We at CDN discourage anyone from talking, and thinking, in terms of vast conspiracies, hoaxes and the like because people generally have their hands full trying to fulfil their obvious responsibilities. Frequently more than full. It is hard enough to get four friends in one place for dinner on Saturday, now try to get 400 lined up to execute a complex plot to take over the global financial system. That even prominent people might secretly be pulling off some world-historic scam and neatly hiding the evidence is simply not compatible with what we know of our fellows or, let’s be frank, ourselves. Where did we put our glasses again? And as further proof that the supposed organizers of said plots inevitably turn out not to be up to even far less daunting tasks we give you… President Biden. Who, after many resolute steps to make fossil fuels scarce and unaffordable, suddenly finds the price of gas rising and declares that it must be a plot. See? Maybe there’s a simpler explanation.
As Charles Cooke scowled in National Review, “Simultaneously Biden has taken to arguing (a) that the United States should reduce the production of fossil fuels, curb the number of new pipelines on American soil, limit the amount of federal land on which oil and gas can be drilled, and, as CNN puts it, break sharply ‘from the Trump administration’s mission to maximize fossil fuels production’; (b) that other countries must produce more fossil fuels for American use at once — and, indeed, that at this ‘critical moment in the global recovery,’ their refusal to do so is irresponsible; and (c) that, actually, this isn’t a supply issue at all, but a dastardly gouging issue that the FTC must investigate post-haste. I’ve heard of an ‘all of the above’ energy policy, but this one seems a touch ridiculous.”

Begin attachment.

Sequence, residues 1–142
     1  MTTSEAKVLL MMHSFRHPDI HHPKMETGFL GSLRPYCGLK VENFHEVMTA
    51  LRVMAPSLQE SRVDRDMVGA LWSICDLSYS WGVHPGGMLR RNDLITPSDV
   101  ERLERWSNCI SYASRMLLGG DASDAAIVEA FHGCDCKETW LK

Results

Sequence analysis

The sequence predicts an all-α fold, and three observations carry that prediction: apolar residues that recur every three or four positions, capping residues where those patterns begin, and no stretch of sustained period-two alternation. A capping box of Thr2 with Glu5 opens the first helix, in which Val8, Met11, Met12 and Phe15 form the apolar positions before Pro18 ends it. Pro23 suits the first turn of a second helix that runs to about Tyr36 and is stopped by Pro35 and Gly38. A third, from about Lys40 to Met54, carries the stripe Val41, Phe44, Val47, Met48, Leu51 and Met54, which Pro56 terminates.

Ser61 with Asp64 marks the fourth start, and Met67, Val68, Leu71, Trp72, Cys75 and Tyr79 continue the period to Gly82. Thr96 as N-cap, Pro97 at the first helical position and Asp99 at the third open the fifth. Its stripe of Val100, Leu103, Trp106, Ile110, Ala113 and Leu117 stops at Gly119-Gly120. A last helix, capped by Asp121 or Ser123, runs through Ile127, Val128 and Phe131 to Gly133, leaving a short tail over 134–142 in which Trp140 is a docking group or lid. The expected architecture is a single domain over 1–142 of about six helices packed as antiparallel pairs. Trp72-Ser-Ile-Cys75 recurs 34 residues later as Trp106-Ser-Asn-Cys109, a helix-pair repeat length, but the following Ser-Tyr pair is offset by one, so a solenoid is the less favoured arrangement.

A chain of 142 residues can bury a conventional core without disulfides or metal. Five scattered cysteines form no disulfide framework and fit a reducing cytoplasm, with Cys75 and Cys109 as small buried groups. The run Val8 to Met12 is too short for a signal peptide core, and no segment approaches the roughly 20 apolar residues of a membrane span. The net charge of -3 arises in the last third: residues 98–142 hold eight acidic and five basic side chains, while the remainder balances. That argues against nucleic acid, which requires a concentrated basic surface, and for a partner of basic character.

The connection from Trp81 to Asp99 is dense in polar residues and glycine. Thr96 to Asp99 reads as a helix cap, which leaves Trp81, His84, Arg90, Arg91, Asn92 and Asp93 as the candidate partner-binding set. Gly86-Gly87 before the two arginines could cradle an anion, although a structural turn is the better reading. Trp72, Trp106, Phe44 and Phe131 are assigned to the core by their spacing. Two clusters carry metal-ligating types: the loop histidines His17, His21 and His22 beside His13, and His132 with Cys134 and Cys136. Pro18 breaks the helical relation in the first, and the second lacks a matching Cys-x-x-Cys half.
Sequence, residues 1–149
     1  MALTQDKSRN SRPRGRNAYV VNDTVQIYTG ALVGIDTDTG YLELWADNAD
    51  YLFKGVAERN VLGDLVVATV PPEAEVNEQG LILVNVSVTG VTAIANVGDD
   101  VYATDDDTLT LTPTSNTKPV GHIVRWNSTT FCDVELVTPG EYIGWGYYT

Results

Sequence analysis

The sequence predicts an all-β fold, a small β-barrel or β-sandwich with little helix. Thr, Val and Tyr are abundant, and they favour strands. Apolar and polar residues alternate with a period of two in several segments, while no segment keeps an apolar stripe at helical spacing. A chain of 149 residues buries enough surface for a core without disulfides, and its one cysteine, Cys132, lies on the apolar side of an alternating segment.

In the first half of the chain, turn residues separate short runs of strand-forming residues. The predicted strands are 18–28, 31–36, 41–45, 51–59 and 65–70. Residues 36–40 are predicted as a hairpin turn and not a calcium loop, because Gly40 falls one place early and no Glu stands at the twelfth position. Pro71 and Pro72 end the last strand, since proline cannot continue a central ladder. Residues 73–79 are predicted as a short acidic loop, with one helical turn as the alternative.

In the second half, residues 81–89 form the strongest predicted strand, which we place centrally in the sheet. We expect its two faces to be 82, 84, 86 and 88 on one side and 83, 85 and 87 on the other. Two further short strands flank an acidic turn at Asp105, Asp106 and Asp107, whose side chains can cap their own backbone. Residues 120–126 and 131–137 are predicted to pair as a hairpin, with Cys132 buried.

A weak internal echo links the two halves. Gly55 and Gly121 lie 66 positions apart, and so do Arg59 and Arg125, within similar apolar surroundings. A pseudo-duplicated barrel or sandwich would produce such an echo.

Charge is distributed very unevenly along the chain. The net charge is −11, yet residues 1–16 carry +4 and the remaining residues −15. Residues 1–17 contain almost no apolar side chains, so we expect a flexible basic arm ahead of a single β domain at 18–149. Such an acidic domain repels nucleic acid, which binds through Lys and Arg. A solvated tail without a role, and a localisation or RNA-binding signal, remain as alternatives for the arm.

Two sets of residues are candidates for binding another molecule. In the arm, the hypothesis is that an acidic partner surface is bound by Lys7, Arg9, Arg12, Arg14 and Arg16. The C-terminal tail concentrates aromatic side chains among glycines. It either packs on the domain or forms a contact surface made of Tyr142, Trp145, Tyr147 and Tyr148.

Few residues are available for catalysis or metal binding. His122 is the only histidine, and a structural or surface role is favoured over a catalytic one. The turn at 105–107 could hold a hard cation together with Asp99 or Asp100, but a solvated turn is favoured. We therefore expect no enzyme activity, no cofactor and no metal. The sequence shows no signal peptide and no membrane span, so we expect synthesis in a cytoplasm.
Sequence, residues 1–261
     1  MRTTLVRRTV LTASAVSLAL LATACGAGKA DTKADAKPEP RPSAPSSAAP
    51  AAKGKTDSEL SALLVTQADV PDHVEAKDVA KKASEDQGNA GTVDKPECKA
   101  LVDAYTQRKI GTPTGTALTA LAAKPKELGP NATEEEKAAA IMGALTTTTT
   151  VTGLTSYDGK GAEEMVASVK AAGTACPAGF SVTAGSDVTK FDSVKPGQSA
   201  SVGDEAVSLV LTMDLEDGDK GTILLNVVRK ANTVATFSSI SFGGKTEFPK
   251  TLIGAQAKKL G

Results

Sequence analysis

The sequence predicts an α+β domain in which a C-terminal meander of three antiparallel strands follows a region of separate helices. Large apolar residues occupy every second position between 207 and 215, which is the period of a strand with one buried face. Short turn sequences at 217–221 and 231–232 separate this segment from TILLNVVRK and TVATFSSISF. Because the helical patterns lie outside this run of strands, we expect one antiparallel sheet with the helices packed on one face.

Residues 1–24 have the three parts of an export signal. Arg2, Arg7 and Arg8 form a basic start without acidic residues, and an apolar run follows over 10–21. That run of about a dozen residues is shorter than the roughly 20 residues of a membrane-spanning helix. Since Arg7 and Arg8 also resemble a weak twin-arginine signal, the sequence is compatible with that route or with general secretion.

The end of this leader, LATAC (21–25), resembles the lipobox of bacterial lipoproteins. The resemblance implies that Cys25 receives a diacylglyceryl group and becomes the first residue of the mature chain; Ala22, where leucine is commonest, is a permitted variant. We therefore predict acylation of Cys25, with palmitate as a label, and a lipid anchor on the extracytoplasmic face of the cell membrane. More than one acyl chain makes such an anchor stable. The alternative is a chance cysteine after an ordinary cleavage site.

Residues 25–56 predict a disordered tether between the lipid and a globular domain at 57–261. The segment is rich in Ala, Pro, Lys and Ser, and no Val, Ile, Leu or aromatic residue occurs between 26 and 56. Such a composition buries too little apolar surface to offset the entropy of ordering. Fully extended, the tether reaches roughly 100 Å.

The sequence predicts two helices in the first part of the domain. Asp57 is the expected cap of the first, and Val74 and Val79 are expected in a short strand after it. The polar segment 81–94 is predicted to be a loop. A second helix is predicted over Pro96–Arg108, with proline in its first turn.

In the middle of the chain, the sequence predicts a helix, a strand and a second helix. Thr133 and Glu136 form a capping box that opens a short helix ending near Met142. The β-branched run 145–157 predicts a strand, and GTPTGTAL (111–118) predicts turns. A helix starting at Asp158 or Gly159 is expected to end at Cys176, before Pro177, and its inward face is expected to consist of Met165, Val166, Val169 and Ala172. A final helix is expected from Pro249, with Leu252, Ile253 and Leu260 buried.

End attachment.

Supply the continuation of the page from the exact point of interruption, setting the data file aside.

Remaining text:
Oil companies make good villains, to be sure. And have since Ida Tarbell’s 1904 The History of the Standard Oil Company that helped get that firm broken up seven years later without noting that John D. Rockefeller’s aggressive entrepreneurship had dramatically reduced the cost of oil, an enormous benefit to the middle class and working people. But the point isn’t really who’s a ratfink. It’s whether we want to make gasoline and other fossil fuels so expensive that people cannot afford them in order to save the planet and, if we do, whether we shall then be surprised and stunned to find that people cannot afford them and that it hurts.
Judging by the president’s panicky reaction, the answers are yes and yes. And we cannot help noting that given the flooding crisis in BC, an urgent priority is to get more rather than less fossil fuels to beleaguered residents. Almost as though our lifestyles and even our lives depended on them.